MICHAEL HAYDEN, FORMER DIRECTOR, CIA AND NSA: When I first heard that earlier this evening, that was a little scary. I mean, that is -- that is an appeal to the heart of autocracy and challenging the patriotism of those folks who work in the United States government.


ROMANS: Don Jr.'s remarks come as some on the right, including him are ramping up their attacks on the special counsel's probe, claiming it is politically compromised. Earlier this month, the special counsel removed FBI official Peter Strzok from his team after an investigation turned up anti-Trump texts he sent during the campaign.

BRIGGS: President Trump's approval rating hitting an all-time low. According to CNN polling showing the president approved by 35 percent of Americans less than a year into his first term. That is the worst rating of any elected president, in his first year by a wide margin, 59 percent of Americans say they disapprove of how President Trump is handling the job.

The numbers not much better for Trump's 2016 opponent, Hillary Clinton. Only 36 percent of Americans rate her favorably, with 61 percent rating her unfavorably. That unfavorable rating for Clinton sliding five points since June oddly. It's now higher than President Trump's.

ROMANS: A bipartisan bill making lawmakers personally liable for sexual harassment claims is expected to be filed in the House by tonight. Mississippi Congressman Greg Harper is chairman of the House Administration Committee. He tells "The New York Times" the measure would permit the government to pay claims that require members to then reimburse the Treasury.

BRIGGS: We have now learned that Congress paid out $174,000 in settlements for eight sexual harassment claims between 2008 and 2012, money that came from a U.S. treasury fund. The information released by the Office of Compliance does not include the names of victims and does not identify the Congress members involved.

ROMANS: A single vote shifting the balance of power in the Virginia legislature.

[04:40:00] A recount, flipping a seat from Republican to Democrat in the state's House of Delegates, leaving the lower chamber evenly split. Democrat Shelly Simonds emerging as the apparent winner of the 94th district. A winner by just one vote, taking the seat from Republican David Yancey. The outcome ending 17 years of Republican control of the House,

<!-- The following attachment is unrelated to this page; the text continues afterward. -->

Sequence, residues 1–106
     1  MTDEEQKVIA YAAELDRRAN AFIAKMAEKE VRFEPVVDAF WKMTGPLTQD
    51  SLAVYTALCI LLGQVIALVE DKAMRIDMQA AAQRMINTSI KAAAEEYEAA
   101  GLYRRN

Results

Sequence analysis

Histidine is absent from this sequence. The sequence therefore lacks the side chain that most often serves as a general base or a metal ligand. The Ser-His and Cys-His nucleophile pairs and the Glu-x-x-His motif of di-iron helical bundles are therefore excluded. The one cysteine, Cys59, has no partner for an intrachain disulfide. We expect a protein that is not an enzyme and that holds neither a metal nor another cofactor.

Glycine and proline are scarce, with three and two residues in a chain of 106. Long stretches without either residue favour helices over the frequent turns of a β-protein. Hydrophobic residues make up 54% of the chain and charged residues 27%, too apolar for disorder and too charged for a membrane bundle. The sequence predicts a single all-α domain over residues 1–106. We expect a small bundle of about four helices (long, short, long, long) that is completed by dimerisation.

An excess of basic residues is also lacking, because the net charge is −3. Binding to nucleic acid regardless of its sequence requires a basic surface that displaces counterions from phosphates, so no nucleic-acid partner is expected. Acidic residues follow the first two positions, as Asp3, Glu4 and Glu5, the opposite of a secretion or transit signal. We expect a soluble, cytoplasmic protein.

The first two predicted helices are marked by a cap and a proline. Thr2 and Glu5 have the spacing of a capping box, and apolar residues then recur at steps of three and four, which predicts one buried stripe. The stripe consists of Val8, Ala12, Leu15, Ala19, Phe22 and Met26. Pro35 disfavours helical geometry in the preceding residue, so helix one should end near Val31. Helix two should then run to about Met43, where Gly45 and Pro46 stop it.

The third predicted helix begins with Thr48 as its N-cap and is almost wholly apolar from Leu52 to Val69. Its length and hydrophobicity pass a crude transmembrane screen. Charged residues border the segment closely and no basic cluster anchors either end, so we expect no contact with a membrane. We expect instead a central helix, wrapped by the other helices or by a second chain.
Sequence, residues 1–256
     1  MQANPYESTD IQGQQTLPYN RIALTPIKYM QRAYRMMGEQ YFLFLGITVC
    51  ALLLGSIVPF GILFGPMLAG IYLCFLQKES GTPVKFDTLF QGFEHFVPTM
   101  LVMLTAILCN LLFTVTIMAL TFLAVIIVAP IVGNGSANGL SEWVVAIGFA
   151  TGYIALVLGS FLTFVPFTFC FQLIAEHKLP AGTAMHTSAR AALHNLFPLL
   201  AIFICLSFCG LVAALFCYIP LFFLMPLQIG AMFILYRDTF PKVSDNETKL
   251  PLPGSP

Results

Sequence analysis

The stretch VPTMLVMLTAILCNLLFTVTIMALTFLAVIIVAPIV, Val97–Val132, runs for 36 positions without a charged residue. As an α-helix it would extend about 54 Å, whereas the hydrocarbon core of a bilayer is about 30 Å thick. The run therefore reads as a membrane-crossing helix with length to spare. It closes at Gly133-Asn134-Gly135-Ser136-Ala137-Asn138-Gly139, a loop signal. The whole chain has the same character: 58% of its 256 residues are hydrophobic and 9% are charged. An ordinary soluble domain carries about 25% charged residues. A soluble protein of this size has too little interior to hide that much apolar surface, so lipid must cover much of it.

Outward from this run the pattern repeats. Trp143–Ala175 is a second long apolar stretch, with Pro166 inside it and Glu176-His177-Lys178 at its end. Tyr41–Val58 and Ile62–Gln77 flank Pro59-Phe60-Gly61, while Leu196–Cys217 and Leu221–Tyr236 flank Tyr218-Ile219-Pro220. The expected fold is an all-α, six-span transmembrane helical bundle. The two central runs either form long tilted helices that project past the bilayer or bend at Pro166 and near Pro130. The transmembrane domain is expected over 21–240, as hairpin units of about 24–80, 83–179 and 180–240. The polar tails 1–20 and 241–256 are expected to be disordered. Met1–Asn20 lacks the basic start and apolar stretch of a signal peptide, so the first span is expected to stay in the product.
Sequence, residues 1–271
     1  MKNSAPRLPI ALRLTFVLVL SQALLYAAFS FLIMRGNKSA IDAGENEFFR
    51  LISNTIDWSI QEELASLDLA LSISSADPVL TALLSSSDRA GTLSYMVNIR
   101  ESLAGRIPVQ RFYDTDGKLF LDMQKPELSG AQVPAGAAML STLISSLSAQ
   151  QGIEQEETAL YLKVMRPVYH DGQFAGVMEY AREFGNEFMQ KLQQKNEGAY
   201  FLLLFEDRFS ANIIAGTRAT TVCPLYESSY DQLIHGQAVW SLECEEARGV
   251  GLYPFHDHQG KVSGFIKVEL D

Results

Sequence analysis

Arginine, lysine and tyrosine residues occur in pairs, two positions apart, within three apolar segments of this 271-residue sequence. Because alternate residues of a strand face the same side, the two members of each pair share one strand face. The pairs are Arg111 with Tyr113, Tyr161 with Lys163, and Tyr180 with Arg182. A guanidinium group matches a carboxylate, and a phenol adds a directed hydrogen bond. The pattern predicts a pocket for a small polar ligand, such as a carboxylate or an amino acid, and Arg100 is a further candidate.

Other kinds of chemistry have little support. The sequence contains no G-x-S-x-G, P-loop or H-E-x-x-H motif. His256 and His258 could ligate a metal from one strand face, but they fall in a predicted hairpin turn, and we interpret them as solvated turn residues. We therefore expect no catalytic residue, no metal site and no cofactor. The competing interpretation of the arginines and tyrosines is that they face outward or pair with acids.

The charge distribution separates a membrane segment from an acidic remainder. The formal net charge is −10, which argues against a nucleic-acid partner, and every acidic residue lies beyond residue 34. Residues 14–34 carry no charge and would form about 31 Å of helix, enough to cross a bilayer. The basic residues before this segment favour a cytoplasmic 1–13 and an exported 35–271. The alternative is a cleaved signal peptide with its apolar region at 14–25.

forcing the GOP into a rare power-sharing scenario with Democrats. A three-judge panel still must certify the election results later today.

BRIGGS: Coming up, the Florida police officer lucky to be alive after this.


UNIDENTIFIED MALE: Whoa, whoa, whoa!


BRIGGS: The suspect takes off as the officer hangs on to his car. How this story ends, next.


[04:45:16] BRIGGS: Confusion and contradictions in the wake of that deadly Amtrak crash in Washington state that killed three people. Officials now saying the stretch of track where the train derailed did not have Positive Train Control, a system that automatically slows down and stops a speeding train. The NTSB says a different safety system was in place, one that most likely would not have prevented the derailment.


BELLA DINH-ZARR, NTSB: We have confirmed that PTC was not installed on this line. Sound Transit had Centralized Traffic Control which is CTC, and this is a system that allows for dispatch direction over the train. CTC is not PTC, however. CTC cannot enforce speed restrictions on a train like PTC can.


ROMANS: Two of three people killed in the derailment have now been identified. Jim Hamre, Zack Willhoite were advocates for Passengers Railroad Service and members of Rail Passengers Association. Still no explanation for why the train was going 80 miles an hour in a 30-mile- an-hour zone. The NTSB says it is waiting to interview crew members who are hospitalized.

Kyung Lah has more from DuPont, Washington.


KYUNG LAH, CNN SENIOR NATIONAL CORRESPONDENT: Dave and Christine, we're learning new information from the NTSB about the moments before this devastating train derailment. Meanwhile, the recovery here at the scene continues. What you're looking at over there is what is left of a passenger car. It just shows the force of -- the deadly force of a train derailment.